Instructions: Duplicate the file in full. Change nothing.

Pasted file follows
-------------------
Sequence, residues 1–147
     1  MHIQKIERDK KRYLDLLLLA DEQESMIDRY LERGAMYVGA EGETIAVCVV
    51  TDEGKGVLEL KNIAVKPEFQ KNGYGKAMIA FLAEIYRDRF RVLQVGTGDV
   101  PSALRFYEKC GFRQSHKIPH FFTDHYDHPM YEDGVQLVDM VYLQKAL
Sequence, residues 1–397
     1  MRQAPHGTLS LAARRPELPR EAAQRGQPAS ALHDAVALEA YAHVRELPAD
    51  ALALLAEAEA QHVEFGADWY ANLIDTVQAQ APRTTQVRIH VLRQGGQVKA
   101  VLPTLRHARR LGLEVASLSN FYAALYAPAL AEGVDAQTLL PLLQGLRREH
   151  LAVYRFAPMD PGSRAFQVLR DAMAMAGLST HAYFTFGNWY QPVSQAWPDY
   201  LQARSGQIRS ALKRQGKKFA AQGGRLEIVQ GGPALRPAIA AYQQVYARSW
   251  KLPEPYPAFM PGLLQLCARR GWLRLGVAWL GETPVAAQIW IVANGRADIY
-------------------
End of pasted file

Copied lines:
Sequence, residues 1–147
     1  MHIQKIERDK KRYLDLLLLA DEQESMIDRY LERGAMYVGA EGETIAVCVV
    51  TDEGKGVLEL KNIAVKPEFQ KNGYGKAMIA FLAEIYRDRF RVLQVGTGDV
   101  PSALRFYEKC GFRQSHKIPH FFTDHYDHPM YEDGVQLVDM VYLQKAL
Sequence, residues 1–397
     1  MRQAPHGTLS LAARRPELPR EAAQRGQPAS ALHDAVALEA YAHVRELPAD
    51  ALALLAEAEA QHVEFGADWY ANLIDTVQAQ APRTTQVRIH VLRQGGQVKA
   101  VLPTLRHARR LGLEVASLSN FYAALYAPAL AEGVDAQTLL PLLQGLRREH
   151  LAVYRFAPMD PGSRAFQVLR DAMAMAGLST HAYFTFGNWY QPVSQAWPDY
   201  LQARSGQIRS ALKRQGKKFA AQGGRLEIVQ GGPALRPAIA AYQQVYARSW
   251  KLPEPYPAFM PGLLQLCARR GWLRLGVAWL GETPVAAQIW IVANGRADIY